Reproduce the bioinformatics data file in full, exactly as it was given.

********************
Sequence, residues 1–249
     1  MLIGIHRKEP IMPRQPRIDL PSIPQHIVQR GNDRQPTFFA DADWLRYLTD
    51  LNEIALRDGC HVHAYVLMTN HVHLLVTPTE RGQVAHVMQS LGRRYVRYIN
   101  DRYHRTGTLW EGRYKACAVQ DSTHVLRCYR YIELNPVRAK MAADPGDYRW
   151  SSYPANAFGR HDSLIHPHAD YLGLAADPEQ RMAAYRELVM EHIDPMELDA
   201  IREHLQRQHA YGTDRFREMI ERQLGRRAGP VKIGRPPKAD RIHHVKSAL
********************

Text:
Sequence, residues 1–249
     1  MLIGIHRKEP IMPRQPRIDL PSIPQHIVQR GNDRQPTFFA DADWLRYLTD
    51  LNEIALRDGC HVHAYVLMTN HVHLLVTPTE RGQVAHVMQS LGRRYVRYIN
   101  DRYHRTGTLW EGRYKACAVQ DSTHVLRCYR YIELNPVRAK MAADPGDYRW
   151  SSYPANAFGR HDSLIHPHAD YLGLAADPEQ RMAAYRELVM EHIDPMELDA
   201  IREHLQRQHA YGTDRFREMI ERQLGRRAGP VKIGRPPKAD RIHHVKSAL